This appears to be a story depicting a sort-of utopian future (of limited extent - an island) where there are no rules.
I'm not sure from the context whether the author is in favor or against the concept. It somehow feels like he is knitting together several uncomfortable consequences of "no rules" in an attempt to paint that future as dystopian.
The thing people always miss, the important overlooked point, is that no one wants a state where there are no rules. What people invariably want is a state which has rules enforcing human rights, and little else.
The most basic human right is to have sovereignty over ones own body. Mat Honan's article shows us that with no rules, outsiders would be able to do anything they wanted to us - even against our consent. It would be the strong doing whatever they wanted to the weak. Typical, obvious, and predictable - we have many examples of lawless societies where the strong do just that.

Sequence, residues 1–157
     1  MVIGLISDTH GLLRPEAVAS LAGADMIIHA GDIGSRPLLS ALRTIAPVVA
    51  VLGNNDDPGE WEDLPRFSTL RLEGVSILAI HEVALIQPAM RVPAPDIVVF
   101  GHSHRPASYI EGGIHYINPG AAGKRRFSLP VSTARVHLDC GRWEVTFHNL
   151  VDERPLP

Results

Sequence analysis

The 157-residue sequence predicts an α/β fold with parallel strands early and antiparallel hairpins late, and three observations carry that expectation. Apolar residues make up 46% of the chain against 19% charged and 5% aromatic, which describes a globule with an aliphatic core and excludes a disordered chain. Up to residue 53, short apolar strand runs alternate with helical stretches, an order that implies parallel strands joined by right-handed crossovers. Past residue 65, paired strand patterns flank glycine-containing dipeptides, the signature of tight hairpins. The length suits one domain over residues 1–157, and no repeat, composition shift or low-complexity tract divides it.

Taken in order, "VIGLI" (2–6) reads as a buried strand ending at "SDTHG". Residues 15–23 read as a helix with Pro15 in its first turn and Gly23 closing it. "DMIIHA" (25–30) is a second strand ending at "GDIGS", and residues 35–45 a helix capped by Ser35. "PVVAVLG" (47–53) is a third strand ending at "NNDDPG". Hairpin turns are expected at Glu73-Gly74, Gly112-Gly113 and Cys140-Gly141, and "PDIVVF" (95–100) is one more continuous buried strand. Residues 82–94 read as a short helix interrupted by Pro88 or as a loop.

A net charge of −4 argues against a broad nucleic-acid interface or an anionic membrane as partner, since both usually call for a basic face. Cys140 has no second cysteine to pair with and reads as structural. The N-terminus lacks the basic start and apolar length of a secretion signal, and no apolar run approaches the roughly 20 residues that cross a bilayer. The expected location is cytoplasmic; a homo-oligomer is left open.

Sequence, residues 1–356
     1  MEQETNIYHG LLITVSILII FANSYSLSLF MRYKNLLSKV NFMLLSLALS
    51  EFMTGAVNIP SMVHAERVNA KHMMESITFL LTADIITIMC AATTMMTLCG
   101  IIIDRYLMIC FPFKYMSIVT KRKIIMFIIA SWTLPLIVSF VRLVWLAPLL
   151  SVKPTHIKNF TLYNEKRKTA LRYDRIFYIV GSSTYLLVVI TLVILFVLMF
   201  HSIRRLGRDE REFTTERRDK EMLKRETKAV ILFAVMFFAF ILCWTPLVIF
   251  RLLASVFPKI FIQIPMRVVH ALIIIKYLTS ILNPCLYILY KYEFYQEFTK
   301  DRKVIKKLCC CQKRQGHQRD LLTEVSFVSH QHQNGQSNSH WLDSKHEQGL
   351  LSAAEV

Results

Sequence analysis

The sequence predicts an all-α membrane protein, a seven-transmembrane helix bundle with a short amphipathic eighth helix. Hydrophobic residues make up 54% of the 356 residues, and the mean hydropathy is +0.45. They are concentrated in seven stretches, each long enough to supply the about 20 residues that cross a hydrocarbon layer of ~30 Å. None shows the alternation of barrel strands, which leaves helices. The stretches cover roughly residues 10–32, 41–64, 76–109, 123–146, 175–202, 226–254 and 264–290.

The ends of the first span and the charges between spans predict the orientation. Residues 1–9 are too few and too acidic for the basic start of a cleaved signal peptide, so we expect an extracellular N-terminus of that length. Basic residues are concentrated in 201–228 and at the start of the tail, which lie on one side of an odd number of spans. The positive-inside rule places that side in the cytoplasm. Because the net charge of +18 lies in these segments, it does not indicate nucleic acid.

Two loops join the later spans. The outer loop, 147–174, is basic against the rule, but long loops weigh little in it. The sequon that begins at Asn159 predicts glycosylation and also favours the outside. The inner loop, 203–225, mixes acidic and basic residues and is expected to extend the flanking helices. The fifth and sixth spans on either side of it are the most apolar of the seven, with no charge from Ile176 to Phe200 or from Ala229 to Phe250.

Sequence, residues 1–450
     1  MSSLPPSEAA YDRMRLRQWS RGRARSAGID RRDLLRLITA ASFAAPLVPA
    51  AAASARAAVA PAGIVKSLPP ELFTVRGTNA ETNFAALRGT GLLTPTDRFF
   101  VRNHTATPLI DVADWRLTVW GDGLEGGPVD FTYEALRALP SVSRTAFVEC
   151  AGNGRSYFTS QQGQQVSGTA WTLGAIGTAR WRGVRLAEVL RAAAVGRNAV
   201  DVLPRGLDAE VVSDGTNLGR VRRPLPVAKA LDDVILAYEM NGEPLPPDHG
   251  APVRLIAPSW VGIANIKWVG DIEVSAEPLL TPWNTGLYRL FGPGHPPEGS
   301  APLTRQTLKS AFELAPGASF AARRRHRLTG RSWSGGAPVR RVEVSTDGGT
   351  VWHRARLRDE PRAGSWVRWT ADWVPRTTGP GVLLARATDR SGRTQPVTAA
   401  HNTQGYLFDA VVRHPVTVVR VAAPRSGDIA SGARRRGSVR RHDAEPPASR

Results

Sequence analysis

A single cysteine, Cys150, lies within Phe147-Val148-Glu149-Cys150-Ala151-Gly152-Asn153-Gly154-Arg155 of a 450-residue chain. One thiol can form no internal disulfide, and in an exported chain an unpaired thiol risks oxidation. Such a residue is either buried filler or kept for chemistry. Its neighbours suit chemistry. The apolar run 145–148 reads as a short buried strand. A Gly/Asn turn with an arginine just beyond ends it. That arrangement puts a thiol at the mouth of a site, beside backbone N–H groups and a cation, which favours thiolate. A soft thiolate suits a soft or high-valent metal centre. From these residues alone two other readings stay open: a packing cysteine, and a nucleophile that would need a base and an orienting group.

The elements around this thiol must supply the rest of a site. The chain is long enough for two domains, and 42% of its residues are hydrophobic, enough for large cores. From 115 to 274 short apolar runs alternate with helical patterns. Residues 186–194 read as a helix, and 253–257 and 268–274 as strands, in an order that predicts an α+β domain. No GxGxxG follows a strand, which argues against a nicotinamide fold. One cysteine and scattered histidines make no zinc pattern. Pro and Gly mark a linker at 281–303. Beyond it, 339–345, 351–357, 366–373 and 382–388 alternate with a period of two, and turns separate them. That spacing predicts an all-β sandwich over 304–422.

Many of our rules are violations of that first most basic right, pretty much anything that someone else thinks that you should do or not-do for your own good: rules about drugs, prostitution, abortion, doctor-assisted suicide, and yes, wearing clothes. We could do away with large swaths of the legal landscape and eliminate large parts of government, both local and federal, if we could just say "do anything you want, so long as you don't infringe on the rights of others".
If you would like to read about a rule-less society which enforces basic human rights and is a little less dystopian, try "Manna" by Marshall Brain. It's an easy read and an interesting story.
Another good example is "Voyage From Yesteryear" by James Hogan. A little longer and with more drama, but essentially a rule-less society which enforces basic human rights.